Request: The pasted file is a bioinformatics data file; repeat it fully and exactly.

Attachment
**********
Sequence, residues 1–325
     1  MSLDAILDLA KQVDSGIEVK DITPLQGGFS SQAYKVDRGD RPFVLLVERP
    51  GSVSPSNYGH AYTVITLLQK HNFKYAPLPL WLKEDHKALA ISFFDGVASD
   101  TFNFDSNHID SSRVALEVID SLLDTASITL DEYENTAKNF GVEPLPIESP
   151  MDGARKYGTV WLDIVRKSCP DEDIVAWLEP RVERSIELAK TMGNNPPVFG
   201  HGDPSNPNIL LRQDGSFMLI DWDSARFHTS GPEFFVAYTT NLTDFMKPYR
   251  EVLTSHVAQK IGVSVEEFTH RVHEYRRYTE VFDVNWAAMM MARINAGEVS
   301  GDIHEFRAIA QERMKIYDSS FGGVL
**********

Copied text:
Sequence, residues 1–325
     1  MSLDAILDLA KQVDSGIEVK DITPLQGGFS SQAYKVDRGD RPFVLLVERP
    51  GSVSPSNYGH AYTVITLLQK HNFKYAPLPL WLKEDHKALA ISFFDGVASD
   101  TFNFDSNHID SSRVALEVID SLLDTASITL DEYENTAKNF GVEPLPIESP
   151  MDGARKYGTV WLDIVRKSCP DEDIVAWLEP RVERSIELAK TMGNNPPVFG
   201  HGDPSNPNIL LRQDGSFMLI DWDSARFHTS GPEFFVAYTT NLTDFMKPYR
   251  EVLTSHVAQK IGVSVEEFTH RVHEYRRYTE VFDVNWAAMM MARINAGEVS
   301  GDIHEFRAIA QERMKIYDSS FGGVL